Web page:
Public demands action against internet companies in war against online extremism

74% of the public want the big internet companies to do more to locate and delete extremist content and 65% believe that they are not doing enough to combat radicalisation, Policy Exchange finds in its new report The New Netwar: Countering Online Extremism published today (Tuesday). Exclusive new analysis of jihadist activity online, published ahead of the Prime Minister co-chairing a meeting with web giants, shows that we are not winning this war and that Isis’s online output has not fallen – even while they have been losing territory on the ground.

General David Petraeus, former US Commander in Iraq and Afghanistan and Director of the CIA, has written a foreword for the report in which he refers to Friday’s terrorist attack at Parsons Green:

“The fight against ISIS, Al Qaeda and the other elements of the global jihadist movement has become the defining struggle of the early 21st Century.  That struggle has increasingly been contested not just on the ground, but in a new domain of warfare, cyberspace.  The attempted bombing of an underground train in London last Friday – using a device that can be built from instructions available online – merely underscored once again the ever-present nature of this threat.

“Jihadists have shown particular facility in exploiting ungoverned or even inadequately governed spaces in the Islamic world.  And now, as this new Policy Exchange report shows, they are also exploiting the vast, largely ungoverned spaces in cyberspace, demonstrating increasing technical expertise, sophistication in media production, and agility in the face of various efforts to limit its access. It is clear that that our counter-extremism efforts and other initiatives to combat extremism on line have, until now, been inadequate. There is no doubting the urgency of this matter.  The status quo clearly is unacceptable.”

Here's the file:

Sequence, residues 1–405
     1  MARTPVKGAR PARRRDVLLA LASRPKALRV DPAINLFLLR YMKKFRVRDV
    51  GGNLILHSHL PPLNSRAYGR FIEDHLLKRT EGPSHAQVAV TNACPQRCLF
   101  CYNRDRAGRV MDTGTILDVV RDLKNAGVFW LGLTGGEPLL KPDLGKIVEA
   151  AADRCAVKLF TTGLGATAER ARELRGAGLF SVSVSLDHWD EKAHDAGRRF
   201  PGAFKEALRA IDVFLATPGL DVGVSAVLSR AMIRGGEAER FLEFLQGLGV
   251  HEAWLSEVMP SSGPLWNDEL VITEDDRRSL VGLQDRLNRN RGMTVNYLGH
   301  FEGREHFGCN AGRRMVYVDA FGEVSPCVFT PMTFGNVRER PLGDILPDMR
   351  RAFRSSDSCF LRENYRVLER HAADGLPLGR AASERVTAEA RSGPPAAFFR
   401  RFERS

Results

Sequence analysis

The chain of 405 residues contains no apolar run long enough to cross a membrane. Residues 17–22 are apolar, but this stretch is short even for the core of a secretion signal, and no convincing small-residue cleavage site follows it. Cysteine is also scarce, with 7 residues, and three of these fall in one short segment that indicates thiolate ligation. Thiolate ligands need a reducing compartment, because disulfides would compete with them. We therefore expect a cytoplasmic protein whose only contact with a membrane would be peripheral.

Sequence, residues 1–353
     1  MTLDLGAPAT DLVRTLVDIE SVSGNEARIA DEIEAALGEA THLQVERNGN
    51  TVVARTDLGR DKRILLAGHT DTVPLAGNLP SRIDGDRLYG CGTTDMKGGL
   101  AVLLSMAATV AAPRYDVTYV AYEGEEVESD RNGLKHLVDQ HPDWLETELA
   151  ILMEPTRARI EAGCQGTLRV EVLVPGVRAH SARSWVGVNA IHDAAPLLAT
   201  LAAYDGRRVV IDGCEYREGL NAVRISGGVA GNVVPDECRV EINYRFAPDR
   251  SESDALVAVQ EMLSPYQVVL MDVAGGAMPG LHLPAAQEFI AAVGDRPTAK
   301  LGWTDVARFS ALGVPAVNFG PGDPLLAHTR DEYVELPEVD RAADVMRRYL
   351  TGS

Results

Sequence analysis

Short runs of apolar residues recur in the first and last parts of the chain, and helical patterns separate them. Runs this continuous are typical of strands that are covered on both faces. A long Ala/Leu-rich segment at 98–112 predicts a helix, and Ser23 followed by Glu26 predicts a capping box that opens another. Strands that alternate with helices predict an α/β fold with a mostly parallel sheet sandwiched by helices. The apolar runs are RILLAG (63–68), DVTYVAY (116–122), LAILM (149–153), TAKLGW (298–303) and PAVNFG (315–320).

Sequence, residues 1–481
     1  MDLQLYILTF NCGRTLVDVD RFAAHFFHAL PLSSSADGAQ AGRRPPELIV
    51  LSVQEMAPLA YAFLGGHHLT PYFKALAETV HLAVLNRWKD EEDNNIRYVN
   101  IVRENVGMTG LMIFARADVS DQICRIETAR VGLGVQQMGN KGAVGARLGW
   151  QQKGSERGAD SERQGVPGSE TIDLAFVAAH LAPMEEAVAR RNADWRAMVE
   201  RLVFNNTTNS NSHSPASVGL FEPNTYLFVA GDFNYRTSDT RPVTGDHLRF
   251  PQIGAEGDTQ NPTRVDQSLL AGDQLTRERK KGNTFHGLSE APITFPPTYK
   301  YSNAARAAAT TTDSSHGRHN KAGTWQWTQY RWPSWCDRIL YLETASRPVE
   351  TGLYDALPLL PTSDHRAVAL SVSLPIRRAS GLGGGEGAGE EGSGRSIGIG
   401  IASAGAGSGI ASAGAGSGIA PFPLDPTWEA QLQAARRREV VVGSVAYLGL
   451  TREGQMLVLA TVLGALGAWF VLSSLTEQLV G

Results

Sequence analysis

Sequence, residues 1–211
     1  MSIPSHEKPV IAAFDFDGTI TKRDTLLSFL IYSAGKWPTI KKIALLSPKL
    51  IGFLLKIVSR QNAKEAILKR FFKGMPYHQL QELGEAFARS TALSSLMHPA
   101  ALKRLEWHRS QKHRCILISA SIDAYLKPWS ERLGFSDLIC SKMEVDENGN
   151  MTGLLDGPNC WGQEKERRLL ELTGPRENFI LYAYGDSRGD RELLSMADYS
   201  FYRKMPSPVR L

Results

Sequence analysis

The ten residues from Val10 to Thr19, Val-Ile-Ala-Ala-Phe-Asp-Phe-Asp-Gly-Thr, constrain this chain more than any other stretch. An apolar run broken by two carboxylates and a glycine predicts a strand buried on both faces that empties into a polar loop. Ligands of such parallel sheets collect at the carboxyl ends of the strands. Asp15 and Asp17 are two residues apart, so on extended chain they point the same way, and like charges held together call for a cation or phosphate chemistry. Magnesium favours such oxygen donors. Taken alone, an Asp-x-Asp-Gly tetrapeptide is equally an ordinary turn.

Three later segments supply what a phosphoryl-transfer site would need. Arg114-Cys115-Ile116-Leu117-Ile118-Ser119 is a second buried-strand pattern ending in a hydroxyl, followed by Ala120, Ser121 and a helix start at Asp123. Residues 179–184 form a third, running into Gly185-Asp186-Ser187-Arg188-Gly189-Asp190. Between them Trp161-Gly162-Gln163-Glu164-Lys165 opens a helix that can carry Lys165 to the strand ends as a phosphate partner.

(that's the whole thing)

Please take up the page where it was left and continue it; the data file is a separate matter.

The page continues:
Dr Martyn Frampton, Policy Exchange’s Co-Head of Security and Extremism, the lead author of the report, said:

“The evidence suggests that we are not winning the war against online extremism and we need to consider options for change. It is clear that the public wants change – and that a majority of people support more robust action by the government. If the internet companies won’t do what their customers want and take more responsibility for removing this content, then government must take action through additional regulation and legislation.

“Although Isis is losing on the ground, their virtual output has been consistent throughout the last three years. If we neglect the online networks that jihadists use to disseminate their poisonous ideology, movements like ISIS, and the horrors they inspire, will endure even after their physical infrastructure is removed. It is the online networks that give them the ability to reach into our society and target, in particular, the most vulnerable sections of our society.

“Governments and security services have been playing a fruitless game of ‘whack-a-mole’, focused on removing individual pieces of content. We need to go beyond this to disrupt the jihadists’ dissemination networks. We can only do this if the likes of Google, Twitter and Facebook are willing to do their bit to defend the free society that created them.”